If an airport was designed like most software it would look exactly like the Phoenix Suncity Airport (PHX) and, like many software companies, PHX offers consulting and tech support. Fortunately, their consultants are free and take the form of an army of purple-clad senior volunteers. In spite of this, every time I visit this airport, I’m shocked at its poor design.
To illustrate this point let me take you through my first hand experience of this airport. I was flying with my mother-in-law from Guadalajara to Phoenix. She had to catch a connecting flight to Denver and I to San Jose.
After clearing immigration and customs, we proceeded on a long walk to the end of a hallway, took the poorly marked elevator, accepted the free hand sanitizer and were dumped into what we later learned was Terminal 4. Let the games begin.
Upon entering Terminal 4 your first goal is to find your connecting flight so you look at the first set of monitors you see, which we did. Unfortunately, this set of displays contains only the list of international arrivals. Not much help.
We looked across and saw another bank of monitors. We went to look up the flight and saw that the only airline listed was US Airways, our airline. But her flight was not listed. The only clue we had was that the person who checked her bag after customs had suprisingly stated she was on a United flight, which now led us to believe that it was a code share flight. But how were we supposed to find her gate?
At this point, like with so many software packages, the option you’re looking for simply isn’t where you think it should be. So we walked over to the very friendly consultants in purple. Our consultant seemed a little bored, but gave us the helpful hint to take the escalators marked “baggage claim,” down to a bus to get to Terminal 2 (where United flies). This is the software equivalent of,”Oh, its easy, just hold down the shift key while double-clicking with the mouse”.
Having read the slightly more helpful training manual (brochure of the airport), we came to understand that there are four different terminals. Each terminal has airlines assigned to it and while I can’t speak for all of the terminals, Terminal 2 has simply numbered gates. Terminal 4 has 4 wings (A-D) which each have about 30 gates. This doesn’t include the international arrivals which dump you into Terminal 4. Terminal 4 is only US Airways flights.
After talking to our purple-clad consultant the first time, we looked back at the escalator and seeing markings that indicated it was to baggage claim, we asked for confirmation that we really needed to shift-double-click. She reconfirmed, “yup, take the escalator down.” Then she added some new information. “Find door 22 and take the bus from there.” Note, the instructions were not, “follow the signs that say: Connecting to other terminals.” There are none. Having received our quest from the oracle, we proceeded into the lair.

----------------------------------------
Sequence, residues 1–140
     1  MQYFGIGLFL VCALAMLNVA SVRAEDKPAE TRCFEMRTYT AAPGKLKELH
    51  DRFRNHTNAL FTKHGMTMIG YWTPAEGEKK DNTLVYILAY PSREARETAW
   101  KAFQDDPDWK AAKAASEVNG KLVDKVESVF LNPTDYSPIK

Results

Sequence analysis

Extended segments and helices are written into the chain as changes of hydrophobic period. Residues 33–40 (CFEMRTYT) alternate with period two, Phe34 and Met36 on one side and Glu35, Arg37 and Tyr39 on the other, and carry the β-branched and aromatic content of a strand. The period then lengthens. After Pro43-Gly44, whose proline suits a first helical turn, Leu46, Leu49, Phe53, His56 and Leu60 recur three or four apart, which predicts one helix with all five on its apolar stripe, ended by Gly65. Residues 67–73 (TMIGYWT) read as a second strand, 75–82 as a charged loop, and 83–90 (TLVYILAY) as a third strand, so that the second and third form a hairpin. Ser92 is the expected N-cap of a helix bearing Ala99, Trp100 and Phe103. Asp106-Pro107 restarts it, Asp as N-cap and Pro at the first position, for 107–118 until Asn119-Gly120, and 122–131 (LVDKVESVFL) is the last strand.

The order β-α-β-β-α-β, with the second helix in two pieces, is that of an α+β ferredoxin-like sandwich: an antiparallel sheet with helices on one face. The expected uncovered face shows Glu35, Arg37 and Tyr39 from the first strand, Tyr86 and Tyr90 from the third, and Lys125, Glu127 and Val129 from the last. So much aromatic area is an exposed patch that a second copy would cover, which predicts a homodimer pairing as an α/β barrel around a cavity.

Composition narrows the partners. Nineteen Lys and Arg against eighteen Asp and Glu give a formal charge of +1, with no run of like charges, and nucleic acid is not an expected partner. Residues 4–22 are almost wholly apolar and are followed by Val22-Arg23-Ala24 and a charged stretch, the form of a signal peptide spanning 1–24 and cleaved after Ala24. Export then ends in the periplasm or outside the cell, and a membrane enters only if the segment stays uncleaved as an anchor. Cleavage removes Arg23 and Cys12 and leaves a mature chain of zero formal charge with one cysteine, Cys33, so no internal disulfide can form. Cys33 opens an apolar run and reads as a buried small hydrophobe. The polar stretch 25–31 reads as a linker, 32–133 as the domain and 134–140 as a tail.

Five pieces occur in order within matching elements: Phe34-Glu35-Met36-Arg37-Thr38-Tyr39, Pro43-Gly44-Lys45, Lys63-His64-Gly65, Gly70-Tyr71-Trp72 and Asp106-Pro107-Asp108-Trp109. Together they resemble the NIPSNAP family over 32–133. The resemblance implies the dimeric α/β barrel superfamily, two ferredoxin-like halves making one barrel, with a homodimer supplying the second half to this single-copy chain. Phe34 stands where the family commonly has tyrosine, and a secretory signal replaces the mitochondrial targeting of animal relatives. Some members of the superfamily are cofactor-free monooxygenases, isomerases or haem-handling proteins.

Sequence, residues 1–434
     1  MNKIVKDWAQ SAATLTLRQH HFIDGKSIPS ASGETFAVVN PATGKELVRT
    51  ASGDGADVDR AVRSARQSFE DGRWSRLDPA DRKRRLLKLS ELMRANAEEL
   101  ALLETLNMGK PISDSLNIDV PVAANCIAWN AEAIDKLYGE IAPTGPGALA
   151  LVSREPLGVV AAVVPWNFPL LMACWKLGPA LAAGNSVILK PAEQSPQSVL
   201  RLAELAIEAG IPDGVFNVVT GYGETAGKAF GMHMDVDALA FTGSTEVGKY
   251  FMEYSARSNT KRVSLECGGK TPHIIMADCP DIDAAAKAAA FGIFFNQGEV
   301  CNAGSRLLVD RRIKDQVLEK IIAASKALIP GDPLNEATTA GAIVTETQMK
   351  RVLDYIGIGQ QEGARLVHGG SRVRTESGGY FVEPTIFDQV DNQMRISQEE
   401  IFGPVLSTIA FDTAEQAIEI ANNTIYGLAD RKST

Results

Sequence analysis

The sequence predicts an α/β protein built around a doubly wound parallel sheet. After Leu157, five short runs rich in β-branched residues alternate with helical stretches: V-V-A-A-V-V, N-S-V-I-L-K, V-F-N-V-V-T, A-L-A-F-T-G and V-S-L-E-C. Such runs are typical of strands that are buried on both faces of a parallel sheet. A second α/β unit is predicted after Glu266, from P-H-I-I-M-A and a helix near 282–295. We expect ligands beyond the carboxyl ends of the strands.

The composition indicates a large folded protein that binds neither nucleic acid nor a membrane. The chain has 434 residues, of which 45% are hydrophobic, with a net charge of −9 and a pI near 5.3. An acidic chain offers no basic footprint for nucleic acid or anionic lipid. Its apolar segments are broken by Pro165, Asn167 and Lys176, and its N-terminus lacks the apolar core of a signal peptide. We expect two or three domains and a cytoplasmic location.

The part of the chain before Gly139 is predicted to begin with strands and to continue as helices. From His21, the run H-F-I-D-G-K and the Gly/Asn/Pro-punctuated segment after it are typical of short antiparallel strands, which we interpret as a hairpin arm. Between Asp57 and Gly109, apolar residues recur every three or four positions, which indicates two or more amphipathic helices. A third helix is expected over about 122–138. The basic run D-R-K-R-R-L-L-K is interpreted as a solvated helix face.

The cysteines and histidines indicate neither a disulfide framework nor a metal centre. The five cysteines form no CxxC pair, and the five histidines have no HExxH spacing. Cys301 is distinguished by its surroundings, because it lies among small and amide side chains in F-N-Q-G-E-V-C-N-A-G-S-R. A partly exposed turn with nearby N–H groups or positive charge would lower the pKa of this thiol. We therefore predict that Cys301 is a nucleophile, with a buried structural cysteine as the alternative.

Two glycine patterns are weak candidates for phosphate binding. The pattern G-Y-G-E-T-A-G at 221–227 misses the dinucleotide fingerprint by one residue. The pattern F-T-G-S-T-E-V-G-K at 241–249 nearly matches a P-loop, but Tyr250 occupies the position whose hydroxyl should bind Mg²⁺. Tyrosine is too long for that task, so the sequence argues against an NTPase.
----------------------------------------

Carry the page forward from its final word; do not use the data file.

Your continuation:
Now that we knew the secret door number we set off in search of the magic bus. Upon exiting the door, we saw a sign labeled “Airport Bus.” Again, no indication what the “Airport Bus” is, or where it goes, we ask the driver if this is the bus that takes us to other terminals. Upon confirmation, we board and take a brief rest for our journey.
After successfully finding the United Airlines counter (very thankful for inadvertant tip from the baggage recheck guy), we arrived at the correct gate, said our farewells and I then embarked on the solo journey back to my own gate.
I eventually made it back to Terminal 4, searched in vain for some indication on how to find my flight but to no avail. By now I had given up on any illusion of self-sufficiency and asked the nearest purple friend who replied, “Oh, you’re on the wrong side of the airport, but you can take the elevators up over to the left.” I looked over, and there were two down escalators. But now armed with the pointer about the elevator, I ended up finding my destination.
Terminal 4, Wing A, Gate 13.
Why do they call this airport “The Friendliest Airport in the US” inspite of being so user unfriendly? Because even the most skilled way-finders have to ask for help from the friendly purple brigade. While it’s hard to know how they could design this airport any worse, but to their credit they do have people wearing bright colors offering some semblance of assistance. What they should probably do is replace their signs with, “Stop trying to figure it out on your own, just ask a purple person.”
Navigating this airport successfully exemplifies most software interactions. If you’re a regular user, like someone who flys through Phoenix often, you learn your way around and it becomes second nature. But if you are an occasional user you’re in for an adventure that will later require some form of nerve tonic. Oddly, you are grateful for the purple people sitting next to you telling you, “Yes, now hold Alt-A, while pressing the enter button. See, it’s exactly what you wanted. Pretty cool, eh?”
It’s more friendly to simply help people achieve their goals in a self-sufficient way by designing things so they are easy to find. For instance, why have Terminals, Wings and Gates? Why not simply have a terminal letter and a gate number? People can deal with numbers over 30. Moreover, why not have all of the flight panels contain all of the flights so that anyone can figure out where they need to go. And why not add signs that indicate exactly where you should go to change terminals?
Too often, when we build our companies or products, we look at them the way I do the Denver airport (or probably how my friends see the Phoneix airport), as something that seems obvious. As such, we don’t consider the pain that new users go through in accomplishing their goals. Empathizing with our customers experience to help them meet their goals leads to having a business that doesn’t have to be staffed by hundreds of friendly consultants.